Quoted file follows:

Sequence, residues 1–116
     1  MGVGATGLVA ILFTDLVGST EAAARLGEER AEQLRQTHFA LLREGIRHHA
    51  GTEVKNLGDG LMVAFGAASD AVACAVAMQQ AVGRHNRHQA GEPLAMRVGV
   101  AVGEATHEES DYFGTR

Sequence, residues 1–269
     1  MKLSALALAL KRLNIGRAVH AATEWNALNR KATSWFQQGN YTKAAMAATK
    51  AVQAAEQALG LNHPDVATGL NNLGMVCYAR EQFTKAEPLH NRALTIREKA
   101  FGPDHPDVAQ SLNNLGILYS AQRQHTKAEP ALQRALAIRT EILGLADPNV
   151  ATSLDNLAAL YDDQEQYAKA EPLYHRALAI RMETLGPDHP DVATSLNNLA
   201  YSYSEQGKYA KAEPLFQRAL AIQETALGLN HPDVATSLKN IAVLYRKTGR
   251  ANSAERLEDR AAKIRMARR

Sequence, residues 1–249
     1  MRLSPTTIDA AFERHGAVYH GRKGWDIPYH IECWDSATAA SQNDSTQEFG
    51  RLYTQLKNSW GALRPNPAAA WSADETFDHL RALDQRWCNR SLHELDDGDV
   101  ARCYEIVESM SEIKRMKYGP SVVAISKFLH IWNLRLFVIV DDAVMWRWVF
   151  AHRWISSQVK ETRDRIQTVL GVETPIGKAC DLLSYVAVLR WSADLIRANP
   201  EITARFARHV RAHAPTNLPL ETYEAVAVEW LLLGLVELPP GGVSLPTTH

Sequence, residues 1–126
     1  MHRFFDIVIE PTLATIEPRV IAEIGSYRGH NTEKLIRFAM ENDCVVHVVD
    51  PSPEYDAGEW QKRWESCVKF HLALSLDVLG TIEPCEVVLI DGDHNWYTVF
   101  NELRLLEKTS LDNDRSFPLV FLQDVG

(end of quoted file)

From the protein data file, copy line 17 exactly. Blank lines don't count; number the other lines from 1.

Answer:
   201  EITARFARHV RAHAPTNLPL ETYEAVAVEW LLLGLVELPP GGVSLPTTH